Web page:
• Alice Zhang and Ramya Arumilli

Senate Bill 5070: Addressing Period Poverty in Washington Schools

Updated: Jan 16, 2021

It was the first day of high school and out of nowhere, my period started. Being a freshman at a new school, I had no idea where to go or who to ask for a period product. So, using the first thing I could find, I wrapped toilet paper in the place of a pad.

This is nothing new to menstruators experiencing period poverty at school, work, or those experiencing homelessness. According to a Thinx study,

1 in 5 teens have struggled to afford period products or have not been able to purchase them at all, and more than 80 percent of teens reported either missing time in class or knowing someone who has missed time in class due to lack of access to menstrual hygiene products.

Many people stretch products for hours longer than the recommended time or use toilet paper, cardboard, and even socks as alternatives. Students’ inability to manage their menstrual hygiene in school results in absenteeism, which has severe economic costs on their lives.

This is where Washington State Senate Bill 5070 and House Bill 1273 come in. Prime sponsored by Senator Ann Rivers and Representative Caldier Berg respectively, these bill aim to make menstrual hygiene products available at no cost in gender-neutral bathrooms and bathrooms designated for female students in all 6-12 schools and institutions of higher education (colleges, universities, trade schools, etc.) in Washington State.

With pads and tampons available for free to students in all bathrooms, focusing on schoolwork and education would become much easier, leading to higher attendance rates. Menstruators would no longer need to worry about potential embarrassment when asking the nurse or their peers for period products.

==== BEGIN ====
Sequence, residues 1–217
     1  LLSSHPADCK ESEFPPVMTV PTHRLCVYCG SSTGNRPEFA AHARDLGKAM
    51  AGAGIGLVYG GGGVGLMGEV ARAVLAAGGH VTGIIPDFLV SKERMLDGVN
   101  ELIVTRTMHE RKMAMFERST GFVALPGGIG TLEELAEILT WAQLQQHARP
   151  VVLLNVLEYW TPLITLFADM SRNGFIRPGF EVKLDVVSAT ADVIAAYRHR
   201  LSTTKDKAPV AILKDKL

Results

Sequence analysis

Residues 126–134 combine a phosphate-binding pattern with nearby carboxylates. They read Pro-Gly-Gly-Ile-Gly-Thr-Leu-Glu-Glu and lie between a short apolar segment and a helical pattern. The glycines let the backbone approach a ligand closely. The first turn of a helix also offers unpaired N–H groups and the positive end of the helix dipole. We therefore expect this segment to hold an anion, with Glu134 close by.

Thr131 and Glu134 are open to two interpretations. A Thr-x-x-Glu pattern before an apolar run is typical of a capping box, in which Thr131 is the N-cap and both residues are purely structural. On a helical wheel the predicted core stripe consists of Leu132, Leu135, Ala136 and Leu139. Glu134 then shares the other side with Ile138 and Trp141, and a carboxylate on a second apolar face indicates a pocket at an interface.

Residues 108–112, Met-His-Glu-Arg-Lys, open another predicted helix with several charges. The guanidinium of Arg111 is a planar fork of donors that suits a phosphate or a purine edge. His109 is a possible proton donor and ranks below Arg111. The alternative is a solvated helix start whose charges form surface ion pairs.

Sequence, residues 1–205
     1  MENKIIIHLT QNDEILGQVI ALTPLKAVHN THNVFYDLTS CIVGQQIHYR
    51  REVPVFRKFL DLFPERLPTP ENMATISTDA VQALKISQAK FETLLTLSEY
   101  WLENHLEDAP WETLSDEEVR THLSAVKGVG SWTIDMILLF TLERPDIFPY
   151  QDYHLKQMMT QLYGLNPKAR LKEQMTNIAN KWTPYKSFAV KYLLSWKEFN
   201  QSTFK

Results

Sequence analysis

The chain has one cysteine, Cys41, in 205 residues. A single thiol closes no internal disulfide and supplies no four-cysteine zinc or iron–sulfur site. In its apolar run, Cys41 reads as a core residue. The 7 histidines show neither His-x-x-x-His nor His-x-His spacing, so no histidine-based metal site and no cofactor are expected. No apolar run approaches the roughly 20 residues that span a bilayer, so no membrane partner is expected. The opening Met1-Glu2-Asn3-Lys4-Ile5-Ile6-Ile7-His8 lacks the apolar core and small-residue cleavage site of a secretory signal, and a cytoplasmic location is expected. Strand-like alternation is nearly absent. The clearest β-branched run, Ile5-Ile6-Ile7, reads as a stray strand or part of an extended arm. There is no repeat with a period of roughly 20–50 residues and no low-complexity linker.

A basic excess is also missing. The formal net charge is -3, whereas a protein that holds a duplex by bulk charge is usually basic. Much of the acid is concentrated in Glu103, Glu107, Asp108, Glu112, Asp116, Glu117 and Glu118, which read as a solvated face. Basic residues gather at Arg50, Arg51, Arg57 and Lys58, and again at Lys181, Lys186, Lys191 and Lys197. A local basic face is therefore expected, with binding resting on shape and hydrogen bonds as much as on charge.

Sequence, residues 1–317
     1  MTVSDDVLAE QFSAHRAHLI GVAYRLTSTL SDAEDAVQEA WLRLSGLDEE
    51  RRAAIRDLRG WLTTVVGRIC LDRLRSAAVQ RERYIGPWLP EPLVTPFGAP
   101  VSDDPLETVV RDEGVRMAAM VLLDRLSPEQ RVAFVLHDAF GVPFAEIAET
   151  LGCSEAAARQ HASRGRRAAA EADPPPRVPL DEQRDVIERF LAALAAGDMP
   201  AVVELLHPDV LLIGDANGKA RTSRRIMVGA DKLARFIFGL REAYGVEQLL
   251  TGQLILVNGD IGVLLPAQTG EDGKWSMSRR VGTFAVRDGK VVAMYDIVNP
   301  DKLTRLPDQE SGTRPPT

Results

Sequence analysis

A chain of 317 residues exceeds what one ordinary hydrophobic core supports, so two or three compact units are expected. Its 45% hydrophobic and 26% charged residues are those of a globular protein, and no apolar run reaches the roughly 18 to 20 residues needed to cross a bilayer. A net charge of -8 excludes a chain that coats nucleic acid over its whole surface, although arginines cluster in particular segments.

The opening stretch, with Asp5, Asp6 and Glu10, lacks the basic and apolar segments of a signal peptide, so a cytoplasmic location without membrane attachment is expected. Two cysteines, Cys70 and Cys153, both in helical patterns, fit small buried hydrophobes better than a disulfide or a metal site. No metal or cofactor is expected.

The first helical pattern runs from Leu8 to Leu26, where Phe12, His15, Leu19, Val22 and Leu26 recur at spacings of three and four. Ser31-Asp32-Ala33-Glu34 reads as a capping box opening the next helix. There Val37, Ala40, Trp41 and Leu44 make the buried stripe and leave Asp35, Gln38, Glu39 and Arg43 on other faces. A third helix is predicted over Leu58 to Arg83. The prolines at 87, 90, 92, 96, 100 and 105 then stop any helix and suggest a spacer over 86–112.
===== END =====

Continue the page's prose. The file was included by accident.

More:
Washington isn’t the first state to introduce a bill fighting for menstrual equity in schools. In 2019, New Hampshire passed a similar bill (SB 142), requiring menstrual hygiene products to be provided, free of charge, in female bathrooms located in public high schools. In 2017, California passed Assembly Bill 10, which required schools that meet “a 40% pupil poverty threshold” to provide free period products in their bathrooms.

Even within Washington, many schools and school districts already provide free period products in their bathrooms, including the University of Washington, Bellevue School District, and Mukilteo School District. These free product programs are donation-based, and SB 5070 proposes that schools would still be responsible for the costs of providing products — a clause of the bill that has significant room for improvement — through community partnerships or non-profit grants. However, the new bill would establish this best practice as the norm, a critical precedent in the fight for menstrual equity.

Join us in this fight by writing to your state representatives about SB 5070 and spreading the word to friends and family. Washington has a chance to lead the nation by example. By providing all students an equal chance at education, we will not only push forward gender equality, but also create a stronger and healthier state.


Ramya Arumilli

Ramya is the co-lead organizer of WA for Menstrual Equity. She is a senior at Kamiak High School and an incoming freshman at Barnard College.

Jinyang/Alice Zhang

Jinyang/Alice is a senior at Kamiak High School and the co-lead organization for WA for Menstrual Equity. When she’s not talking to legislators, she is coding, reading, and watching anime!


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